Tuesday, July 12, 2011

Product Review: Musical Suites Card Game

The more exposure a student has to a concept, and the more different contexts that exposure entails, the more likely he will remember it well. When that context is a fun card game, learning happens almost without the student realizing it!

As you make your studio plans for the fall, consider adding Musical Suites to your bag of tricks! How 'Bout It Games recently sent me a set of Musical Suites cards to review. They are a hit with my students, and they offer a fun way to reinforce students' understanding of musical terms and symbols.

The deck has 76 cards, arranged in suites of symbols. For instance, there are 3 quarter note cards in red, yellow, and purple; 3 quarter rest cards in red, yellow, and purple, etc. The deck includes note and rest values, dynamics, and tempo words. There are also reference cards which show how to arrange the other cards in ordinal value from least to greatest, a necessary skill for some of the games. The instructions offer several different games that can be played with the deck, including two solitaire games. The cards feel just like a regular deck of playing cards and come in a handy plastic case.

Recently, I invited a couple of my students to try out Musical Suites after their lesson. We played Una Carta which is similar to Uno. Because they were very familiar with Uno, they caught on quickly to the rules. It must have looked fun because when my daughter walked through, she asked to join us, and after the students went home, she said, "Can we play that card game again?"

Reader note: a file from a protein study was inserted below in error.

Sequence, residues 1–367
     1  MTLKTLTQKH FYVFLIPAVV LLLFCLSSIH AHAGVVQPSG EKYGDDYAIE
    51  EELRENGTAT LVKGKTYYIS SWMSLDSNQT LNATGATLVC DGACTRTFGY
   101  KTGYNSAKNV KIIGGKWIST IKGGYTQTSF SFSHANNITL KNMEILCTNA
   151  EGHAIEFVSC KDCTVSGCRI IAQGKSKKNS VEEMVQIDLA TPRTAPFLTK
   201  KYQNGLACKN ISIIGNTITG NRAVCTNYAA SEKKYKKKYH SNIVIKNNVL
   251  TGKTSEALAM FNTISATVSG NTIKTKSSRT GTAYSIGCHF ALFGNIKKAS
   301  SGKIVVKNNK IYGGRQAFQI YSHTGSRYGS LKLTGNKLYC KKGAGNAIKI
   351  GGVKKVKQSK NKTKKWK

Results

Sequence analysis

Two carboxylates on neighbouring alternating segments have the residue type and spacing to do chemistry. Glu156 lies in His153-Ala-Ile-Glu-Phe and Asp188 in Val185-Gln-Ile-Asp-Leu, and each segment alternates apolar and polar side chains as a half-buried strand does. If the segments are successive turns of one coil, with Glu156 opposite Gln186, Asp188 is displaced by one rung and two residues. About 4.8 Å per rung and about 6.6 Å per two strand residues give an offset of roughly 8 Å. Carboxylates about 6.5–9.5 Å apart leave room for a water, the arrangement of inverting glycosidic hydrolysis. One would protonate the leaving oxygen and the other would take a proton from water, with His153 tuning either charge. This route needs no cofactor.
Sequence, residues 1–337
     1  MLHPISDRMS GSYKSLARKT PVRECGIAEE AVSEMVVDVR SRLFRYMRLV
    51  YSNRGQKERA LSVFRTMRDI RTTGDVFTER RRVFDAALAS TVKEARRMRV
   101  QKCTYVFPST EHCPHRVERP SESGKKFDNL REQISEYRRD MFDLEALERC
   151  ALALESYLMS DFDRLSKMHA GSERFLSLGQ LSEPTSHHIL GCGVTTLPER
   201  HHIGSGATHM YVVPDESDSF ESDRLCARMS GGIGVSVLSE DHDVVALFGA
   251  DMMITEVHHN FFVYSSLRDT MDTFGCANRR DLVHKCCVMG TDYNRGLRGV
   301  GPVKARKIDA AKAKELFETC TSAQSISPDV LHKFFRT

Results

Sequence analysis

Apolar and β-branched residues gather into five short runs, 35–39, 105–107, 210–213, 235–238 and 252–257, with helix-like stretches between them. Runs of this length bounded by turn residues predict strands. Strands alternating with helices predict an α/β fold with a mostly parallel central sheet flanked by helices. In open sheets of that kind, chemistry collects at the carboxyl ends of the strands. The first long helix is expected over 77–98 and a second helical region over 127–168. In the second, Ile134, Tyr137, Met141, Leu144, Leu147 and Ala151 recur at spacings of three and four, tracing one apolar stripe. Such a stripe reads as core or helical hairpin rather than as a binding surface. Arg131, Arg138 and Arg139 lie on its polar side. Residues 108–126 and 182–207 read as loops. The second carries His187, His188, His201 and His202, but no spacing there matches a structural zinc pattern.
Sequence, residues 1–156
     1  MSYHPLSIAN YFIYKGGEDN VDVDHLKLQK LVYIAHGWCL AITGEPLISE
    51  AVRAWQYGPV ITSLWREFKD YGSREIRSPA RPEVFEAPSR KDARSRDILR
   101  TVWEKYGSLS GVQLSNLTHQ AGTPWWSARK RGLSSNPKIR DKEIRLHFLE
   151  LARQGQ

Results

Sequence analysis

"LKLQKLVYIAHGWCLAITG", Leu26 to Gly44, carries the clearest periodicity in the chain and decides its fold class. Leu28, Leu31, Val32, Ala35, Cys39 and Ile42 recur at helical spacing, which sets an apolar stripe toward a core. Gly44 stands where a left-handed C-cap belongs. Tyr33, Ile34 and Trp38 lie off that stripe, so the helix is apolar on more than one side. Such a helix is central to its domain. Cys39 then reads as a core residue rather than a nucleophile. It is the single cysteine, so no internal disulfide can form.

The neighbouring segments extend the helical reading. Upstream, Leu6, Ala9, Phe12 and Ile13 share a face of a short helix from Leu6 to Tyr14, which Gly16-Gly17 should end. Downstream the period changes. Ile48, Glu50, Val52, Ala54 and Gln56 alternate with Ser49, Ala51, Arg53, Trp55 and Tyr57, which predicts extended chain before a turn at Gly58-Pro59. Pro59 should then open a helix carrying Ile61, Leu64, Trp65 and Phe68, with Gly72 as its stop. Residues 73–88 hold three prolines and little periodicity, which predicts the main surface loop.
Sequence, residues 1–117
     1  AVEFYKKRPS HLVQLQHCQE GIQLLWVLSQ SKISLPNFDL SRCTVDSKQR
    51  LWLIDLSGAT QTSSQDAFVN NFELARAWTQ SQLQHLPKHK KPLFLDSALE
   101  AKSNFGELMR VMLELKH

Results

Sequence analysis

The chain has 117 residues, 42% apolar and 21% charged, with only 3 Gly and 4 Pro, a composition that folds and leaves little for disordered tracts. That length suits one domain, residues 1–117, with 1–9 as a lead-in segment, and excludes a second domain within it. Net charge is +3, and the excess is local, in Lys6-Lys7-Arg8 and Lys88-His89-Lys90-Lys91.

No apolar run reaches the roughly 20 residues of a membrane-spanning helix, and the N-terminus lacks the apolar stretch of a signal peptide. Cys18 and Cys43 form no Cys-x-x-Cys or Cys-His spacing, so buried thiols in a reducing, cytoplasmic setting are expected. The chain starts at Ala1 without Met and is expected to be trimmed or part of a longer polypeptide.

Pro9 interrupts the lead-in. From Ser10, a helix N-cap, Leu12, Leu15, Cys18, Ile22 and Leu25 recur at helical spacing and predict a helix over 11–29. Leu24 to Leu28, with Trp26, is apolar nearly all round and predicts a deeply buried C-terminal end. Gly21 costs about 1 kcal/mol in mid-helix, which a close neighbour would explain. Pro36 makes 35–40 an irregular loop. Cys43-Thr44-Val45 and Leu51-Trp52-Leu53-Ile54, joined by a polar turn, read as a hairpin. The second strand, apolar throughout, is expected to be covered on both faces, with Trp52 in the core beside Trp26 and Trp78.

I'm looking forward to introducing the two solitaire versions to my students. I have several pairs of siblings in my studio. While one sibling has a lesson, the other does theory on the computer, but never for the full 45 minutes. Musical Suites will offer another activity to engage the student while she waits.

Even within the lesson, Musical Suites cards provide opportunities for learning. A great tip at the HBI Games website suggests having students pull from the deck all of the dynamics that are used within a piece of music. The student can arrange them in order from quietest to loudest. Besides solidifying knowledge of the terms, this helps the student understand that they need to "leave room" for that pianissimo at the end. The student can practice executing those dynamic levels out of context, and then translate that into performance.

I'll be suggesting to my families that they consider purchasing a set of cards for family game nights at home.  Homeschoolers would also find these to be a great tool! If you'd like a set, you can purchase them at the HBI Games website. They'll also be available at the upcoming National Conference on Keyboard Pedagogy (July 28-30) at the Music Educator's Marketplace booth. Hope you'll give them a try!

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